Game Changer: Fullbright Animator Noël Clark Talks Small Companies vs. Freelance, Challenging Experiences, & Advancements in Animation
Welcome to the seventh installment in our new series, Game Changer! Because it’s important to signal boost the work of women in the games industry (especially lately), we’ll be interviewing the awesome, brave, and talented women who bring their voices to indie and mainstream game development. Check out previous entries!
This week we sat down with Noël Clark (@nwelli), animator at Fullbright and freelance illustrator, to discuss her experiences so far in the games industry!
Emma Fissenden (TMS): Can you tell me a bit about your journey? How did you end up where you are today? What prompted your initial entry into the gaming industry?
Noël Clark: I’ve been fortunate to have grown up in a family of artists, surrounded by creativity and artistic encouragement since I was a child. Out of high school, I first pursued a Biology degree at the University of Washington, but within a few years found myself drawn to the Production Animation field at Digipen Institute of Technology in Redmond, WA. I was originally interested in traditional background painting for 2D animated films, but my goals eventually shifted as I learned more about 3D tools and production pipelines for both film and games. I began illustrating children’s books while at Digipen, and did freelance work for Nation 9, a small start-up focused on creating interactive children’s novels, as a concept artist and animator. During my junior year at Digipen, I was offered an internship at Microsoft Game Studios, and was hired there after graduation. During my time at Microsoft, I worked on several games leading up to the November 2013 release of the Xbox One, some of which include: Forza 5, Ryse: Son of Rome, Project Spark, Powerstar Golf, Quantum Break and Fable Legends. Last August, I saw an animation position open up at Fullbright, I applied, and now here I am!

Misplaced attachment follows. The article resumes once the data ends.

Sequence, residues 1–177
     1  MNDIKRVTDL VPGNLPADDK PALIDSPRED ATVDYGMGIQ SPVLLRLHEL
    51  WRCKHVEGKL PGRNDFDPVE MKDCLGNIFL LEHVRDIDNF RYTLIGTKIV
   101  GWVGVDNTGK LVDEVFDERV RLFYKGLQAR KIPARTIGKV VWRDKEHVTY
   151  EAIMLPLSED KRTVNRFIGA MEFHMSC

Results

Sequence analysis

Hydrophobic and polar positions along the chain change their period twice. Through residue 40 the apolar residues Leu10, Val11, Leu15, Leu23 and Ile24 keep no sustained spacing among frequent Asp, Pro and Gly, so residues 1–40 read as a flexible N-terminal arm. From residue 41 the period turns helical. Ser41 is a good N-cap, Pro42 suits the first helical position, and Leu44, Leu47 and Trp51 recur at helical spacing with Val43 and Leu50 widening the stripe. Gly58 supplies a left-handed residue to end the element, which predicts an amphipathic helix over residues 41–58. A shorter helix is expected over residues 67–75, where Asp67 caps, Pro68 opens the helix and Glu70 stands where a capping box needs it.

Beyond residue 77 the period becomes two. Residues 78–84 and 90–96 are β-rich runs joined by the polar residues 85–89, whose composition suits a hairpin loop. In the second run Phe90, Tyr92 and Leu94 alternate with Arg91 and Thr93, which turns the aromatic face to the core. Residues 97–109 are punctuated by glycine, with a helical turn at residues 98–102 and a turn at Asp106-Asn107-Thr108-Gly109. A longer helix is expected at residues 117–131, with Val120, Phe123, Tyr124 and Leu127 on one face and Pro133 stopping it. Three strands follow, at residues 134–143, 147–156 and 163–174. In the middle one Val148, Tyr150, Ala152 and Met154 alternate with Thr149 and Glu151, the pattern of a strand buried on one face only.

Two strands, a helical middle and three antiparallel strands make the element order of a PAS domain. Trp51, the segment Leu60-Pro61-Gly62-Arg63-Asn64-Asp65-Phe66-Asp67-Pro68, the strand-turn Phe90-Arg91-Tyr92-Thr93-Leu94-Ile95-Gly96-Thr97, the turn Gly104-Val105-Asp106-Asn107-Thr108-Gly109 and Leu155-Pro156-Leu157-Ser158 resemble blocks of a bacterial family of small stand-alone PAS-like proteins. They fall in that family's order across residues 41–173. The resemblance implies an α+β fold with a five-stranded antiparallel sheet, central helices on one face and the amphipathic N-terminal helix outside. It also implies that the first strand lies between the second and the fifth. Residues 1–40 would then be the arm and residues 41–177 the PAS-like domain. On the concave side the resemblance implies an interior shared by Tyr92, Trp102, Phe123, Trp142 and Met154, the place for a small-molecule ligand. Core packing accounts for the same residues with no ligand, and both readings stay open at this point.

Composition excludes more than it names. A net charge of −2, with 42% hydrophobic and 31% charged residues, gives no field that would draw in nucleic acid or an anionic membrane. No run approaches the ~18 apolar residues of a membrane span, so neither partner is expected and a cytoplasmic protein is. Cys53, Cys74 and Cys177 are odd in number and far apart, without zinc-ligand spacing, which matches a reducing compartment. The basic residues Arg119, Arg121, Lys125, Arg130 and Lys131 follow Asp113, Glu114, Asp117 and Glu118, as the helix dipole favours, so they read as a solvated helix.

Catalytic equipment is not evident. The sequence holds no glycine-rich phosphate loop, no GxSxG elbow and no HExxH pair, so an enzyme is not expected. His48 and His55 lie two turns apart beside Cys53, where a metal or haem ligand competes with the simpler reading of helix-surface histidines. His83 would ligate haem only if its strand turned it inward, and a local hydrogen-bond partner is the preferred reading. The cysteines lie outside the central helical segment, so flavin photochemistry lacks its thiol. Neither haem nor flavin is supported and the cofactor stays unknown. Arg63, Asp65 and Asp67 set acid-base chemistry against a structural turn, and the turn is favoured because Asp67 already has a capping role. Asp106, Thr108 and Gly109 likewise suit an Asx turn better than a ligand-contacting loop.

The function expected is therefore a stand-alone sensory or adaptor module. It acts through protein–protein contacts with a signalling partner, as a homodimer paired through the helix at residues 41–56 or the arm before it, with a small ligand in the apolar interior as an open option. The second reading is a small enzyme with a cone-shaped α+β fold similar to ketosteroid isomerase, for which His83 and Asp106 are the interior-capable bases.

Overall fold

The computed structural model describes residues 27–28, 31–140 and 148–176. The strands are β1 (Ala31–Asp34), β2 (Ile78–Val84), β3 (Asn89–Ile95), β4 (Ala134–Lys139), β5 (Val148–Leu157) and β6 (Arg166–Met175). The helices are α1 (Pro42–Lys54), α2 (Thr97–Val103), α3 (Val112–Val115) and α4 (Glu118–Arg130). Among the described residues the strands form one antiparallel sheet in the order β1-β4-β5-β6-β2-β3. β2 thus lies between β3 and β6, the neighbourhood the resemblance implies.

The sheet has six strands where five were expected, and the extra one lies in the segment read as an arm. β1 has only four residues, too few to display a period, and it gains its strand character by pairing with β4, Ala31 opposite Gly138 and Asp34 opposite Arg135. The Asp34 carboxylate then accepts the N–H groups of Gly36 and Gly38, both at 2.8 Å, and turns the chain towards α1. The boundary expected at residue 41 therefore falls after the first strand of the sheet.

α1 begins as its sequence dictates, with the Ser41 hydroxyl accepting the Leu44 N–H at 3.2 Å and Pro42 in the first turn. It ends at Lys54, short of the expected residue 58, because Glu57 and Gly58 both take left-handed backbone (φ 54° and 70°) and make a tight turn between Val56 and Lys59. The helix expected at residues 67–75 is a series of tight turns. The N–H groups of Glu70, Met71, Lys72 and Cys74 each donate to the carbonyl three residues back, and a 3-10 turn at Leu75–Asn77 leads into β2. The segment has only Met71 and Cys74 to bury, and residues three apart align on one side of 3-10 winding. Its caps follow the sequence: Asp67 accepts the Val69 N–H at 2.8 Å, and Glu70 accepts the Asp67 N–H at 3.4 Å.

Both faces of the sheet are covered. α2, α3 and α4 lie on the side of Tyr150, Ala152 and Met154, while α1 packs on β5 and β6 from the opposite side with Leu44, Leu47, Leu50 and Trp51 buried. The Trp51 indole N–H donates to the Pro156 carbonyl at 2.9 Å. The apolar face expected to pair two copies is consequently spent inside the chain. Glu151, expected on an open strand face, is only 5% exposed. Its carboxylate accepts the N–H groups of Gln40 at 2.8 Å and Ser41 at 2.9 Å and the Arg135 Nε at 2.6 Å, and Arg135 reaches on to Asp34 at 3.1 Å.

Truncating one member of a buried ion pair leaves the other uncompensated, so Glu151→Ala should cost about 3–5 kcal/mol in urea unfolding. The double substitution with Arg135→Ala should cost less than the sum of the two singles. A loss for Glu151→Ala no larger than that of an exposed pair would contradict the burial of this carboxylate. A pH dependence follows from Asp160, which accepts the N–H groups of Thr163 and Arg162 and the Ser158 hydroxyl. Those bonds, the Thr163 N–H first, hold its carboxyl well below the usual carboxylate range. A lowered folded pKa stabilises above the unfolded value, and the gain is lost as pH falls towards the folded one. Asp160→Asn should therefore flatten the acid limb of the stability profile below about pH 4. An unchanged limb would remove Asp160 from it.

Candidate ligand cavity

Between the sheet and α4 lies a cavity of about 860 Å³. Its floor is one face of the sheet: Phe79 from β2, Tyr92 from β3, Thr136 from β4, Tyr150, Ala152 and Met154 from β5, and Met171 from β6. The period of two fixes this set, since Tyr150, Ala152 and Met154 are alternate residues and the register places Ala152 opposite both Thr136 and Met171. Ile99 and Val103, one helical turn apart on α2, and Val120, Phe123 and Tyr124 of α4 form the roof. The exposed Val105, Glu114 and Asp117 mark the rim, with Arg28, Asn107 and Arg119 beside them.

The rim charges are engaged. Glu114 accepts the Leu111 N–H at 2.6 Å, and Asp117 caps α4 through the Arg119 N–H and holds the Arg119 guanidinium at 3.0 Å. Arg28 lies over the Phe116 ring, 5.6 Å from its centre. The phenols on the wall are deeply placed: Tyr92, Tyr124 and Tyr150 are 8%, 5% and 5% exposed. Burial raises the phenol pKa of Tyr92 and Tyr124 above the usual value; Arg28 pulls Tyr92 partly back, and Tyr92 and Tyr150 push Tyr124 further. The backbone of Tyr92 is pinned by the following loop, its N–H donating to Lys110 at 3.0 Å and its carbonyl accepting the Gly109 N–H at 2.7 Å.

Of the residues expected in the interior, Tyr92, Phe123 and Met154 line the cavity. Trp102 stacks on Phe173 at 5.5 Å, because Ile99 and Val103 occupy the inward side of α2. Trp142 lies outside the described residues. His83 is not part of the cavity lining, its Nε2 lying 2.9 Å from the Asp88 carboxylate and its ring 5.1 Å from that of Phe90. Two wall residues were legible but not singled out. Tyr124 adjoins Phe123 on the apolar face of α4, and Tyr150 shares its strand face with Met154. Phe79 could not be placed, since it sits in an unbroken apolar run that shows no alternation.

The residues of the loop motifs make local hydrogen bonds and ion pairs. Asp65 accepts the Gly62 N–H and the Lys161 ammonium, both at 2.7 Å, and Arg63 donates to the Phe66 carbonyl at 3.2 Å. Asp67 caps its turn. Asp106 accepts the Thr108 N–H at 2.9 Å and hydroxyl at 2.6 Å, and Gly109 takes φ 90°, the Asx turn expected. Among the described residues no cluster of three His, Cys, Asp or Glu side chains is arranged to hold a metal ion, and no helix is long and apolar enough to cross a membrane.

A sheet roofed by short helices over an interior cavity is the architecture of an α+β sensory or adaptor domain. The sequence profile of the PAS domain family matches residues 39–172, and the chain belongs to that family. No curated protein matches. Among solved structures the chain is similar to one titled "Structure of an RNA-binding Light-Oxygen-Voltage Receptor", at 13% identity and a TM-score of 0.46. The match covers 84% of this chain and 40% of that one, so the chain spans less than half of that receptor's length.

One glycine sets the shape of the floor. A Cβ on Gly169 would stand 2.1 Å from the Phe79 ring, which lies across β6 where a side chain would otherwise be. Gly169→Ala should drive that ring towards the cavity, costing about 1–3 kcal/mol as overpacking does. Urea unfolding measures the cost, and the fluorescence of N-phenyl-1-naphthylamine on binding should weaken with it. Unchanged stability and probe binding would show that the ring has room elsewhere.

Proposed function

TMS: Can you describe what your role as an animator at Fullbright involves? What’s an average kind of day for you? How does your role there compare to your freelance illustration work?
Clark: When you work on a team as small as Fullbright, your title rarely encompasses all that you do in a given day. As the animator at Fullbright, I oversee a majority of the rigging and animation, and also have had the opportunity to learn a lot of new things as well. At this stage in production, my day usually involves some amount of research, testing, and implementation coupled with some amount of animation and/or rigging. Although it’s sometimes challenging, it has been really rewarding to take on some of these new tasks and expand my skillset in the game development pipeline.
My role at Fullbright is quite different from my freelance illustration work. Although I have had the opportunity to provide some visual development for the team, most of my work is rather technical and involves a decent amount of research into how we can reach our visual targets. When animating, however, there is a connection to my illustration work in that each shot, each pose, is designed. My favorite aspects of both animation and illustration is telling a story or capturing a moment, and using design to help support it.
TMS: Can you comment on your plans for your own future, and also where you hope the future of the gaming industry might be headed?
Clark: Right now our focus is on getting Tacoma polished and released. I’m not thinking too specifically beyond that, aside from the general goal of honing my skills in illustration and animation.